This past weekend I participated in an indoor triathlon at my gym, the JCC of Indianapolis, and I failed to finish after the first of three events.
Lack of Training
I started working out again six weeks ago. It turns out that my neighbors all have memberships so we’ve been all going, Mon thru Fri, and working out before work. It has been a combination of Couch to 5K and free weights. But what I didn’t do was train towards the triathlon, which was 20 minutes each of swimming, running, and biking.
I only got into the pool once.
I Didn’t Black Out
So when I show up the very first event right out of the gate is the one that I knew I would do poorly atâ€”swimming. I got into my trunks and tried to pysch myself up reminding myself of my modest goal of 7 laps. I’m a very poor swimmer and have difficulty putting my face into the water. (I had thought that I had conquered that with swimming classes over the summer. In the heat of the triathlon I reverted to bad form.)
I swam for everything that I had. Freestyle down and backstroke back (to get a bit of air and rest). I managed to do 10 laps! Way more than I had originally hoped! I was elated!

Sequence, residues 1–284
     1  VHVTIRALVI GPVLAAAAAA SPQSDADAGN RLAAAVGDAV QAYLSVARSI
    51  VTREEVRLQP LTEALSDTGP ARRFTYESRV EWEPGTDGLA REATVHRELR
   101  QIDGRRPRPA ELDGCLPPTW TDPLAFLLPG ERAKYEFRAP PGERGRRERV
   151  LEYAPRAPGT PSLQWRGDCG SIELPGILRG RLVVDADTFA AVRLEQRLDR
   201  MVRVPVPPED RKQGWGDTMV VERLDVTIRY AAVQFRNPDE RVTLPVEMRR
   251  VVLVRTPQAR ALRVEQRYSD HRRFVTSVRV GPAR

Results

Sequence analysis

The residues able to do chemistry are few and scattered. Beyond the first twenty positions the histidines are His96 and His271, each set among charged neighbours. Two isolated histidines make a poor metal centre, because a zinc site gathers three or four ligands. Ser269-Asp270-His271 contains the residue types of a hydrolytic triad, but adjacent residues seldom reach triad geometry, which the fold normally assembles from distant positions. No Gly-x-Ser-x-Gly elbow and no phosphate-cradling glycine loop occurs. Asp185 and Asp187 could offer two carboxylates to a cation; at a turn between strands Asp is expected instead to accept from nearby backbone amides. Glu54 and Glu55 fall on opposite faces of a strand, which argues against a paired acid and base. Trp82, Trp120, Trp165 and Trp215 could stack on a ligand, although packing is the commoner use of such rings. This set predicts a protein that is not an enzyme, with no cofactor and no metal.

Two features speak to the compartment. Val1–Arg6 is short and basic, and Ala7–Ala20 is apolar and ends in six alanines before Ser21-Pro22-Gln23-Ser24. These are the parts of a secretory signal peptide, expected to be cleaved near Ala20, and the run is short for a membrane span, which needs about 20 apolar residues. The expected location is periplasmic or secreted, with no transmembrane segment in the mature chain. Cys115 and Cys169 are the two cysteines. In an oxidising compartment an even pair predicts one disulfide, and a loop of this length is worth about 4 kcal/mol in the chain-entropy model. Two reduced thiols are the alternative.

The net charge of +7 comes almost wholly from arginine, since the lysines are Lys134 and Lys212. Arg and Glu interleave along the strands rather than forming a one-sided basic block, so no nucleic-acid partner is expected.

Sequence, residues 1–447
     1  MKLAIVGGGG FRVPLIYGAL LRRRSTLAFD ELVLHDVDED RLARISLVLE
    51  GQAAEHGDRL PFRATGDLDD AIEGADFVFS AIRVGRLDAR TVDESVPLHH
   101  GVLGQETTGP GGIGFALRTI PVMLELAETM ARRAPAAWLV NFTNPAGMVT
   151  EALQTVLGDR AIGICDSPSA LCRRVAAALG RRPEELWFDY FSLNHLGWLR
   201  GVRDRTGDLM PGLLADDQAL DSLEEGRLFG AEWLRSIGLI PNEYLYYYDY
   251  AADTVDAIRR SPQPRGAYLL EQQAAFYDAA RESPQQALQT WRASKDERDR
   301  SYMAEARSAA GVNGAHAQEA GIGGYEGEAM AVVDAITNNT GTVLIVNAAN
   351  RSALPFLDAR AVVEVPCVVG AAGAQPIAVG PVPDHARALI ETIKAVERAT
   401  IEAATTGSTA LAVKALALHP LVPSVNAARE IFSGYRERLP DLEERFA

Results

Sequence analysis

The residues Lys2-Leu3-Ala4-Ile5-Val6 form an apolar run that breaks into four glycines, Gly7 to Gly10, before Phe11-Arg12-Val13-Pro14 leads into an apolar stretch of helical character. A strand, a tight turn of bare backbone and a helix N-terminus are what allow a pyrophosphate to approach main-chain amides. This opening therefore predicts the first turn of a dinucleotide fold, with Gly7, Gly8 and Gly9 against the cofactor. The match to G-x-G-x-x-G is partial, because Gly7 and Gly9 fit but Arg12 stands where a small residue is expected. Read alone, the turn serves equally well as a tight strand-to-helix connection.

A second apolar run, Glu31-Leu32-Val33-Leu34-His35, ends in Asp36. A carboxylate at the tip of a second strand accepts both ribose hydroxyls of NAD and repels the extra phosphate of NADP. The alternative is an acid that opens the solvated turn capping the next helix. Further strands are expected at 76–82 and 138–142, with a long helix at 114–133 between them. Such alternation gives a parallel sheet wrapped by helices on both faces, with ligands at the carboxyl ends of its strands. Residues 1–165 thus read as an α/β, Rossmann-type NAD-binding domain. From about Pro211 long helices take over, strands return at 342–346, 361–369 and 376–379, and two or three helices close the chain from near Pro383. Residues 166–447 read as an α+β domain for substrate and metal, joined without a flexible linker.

I was also getting dark spots in my vision. I could feel my blood sugar crashing and it wanted to take me with it. Shaky, I climbed out of the pool I’m thankful that I didn’t fall back in. I sat on a bench, breathing slowly to calm myself down for a few moments and then stumbled to the locker room, where I realized I wasn’t going to be able to continue.
Why This is A Good Thing
While doing the walk of shame out of the building I started to think about how I could turn this failure into lessons learned.
I need to improve my eating. I’m sure beyond a shadow of a doubt that my poor eating contributed to my problem.
I need to keep training. For the next triathlon I plan to do dry runs to make sure that my body is up to it.
Failing is never easy. It is important to realize that each failure is a learning experience that you can use to improve.